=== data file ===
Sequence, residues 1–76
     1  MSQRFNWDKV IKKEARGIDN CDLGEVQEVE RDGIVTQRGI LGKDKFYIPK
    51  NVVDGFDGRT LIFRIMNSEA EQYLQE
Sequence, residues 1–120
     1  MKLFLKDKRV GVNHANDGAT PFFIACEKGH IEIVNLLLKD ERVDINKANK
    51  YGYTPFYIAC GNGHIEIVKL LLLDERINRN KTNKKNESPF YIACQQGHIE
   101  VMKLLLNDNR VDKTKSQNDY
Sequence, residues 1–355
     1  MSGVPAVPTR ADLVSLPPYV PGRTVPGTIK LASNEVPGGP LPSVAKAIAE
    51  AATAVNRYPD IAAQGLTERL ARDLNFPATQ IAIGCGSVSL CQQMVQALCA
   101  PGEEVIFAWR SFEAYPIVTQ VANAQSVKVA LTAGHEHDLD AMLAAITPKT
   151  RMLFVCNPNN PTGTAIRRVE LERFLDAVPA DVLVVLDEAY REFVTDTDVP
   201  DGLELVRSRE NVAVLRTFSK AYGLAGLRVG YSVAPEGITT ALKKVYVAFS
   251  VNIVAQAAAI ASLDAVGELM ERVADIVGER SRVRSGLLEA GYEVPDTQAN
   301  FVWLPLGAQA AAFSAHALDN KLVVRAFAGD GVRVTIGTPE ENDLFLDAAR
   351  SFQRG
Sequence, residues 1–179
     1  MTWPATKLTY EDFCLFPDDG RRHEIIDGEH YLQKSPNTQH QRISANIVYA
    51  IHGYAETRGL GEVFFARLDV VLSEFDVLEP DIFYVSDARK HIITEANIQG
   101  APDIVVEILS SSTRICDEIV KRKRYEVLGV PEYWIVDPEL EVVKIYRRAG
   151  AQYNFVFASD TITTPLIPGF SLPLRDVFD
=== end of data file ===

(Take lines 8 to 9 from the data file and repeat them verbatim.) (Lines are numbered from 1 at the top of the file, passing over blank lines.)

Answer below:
Sequence, residues 1–355
     1  MSGVPAVPTR ADLVSLPPYV PGRTVPGTIK LASNEVPGGP LPSVAKAIAE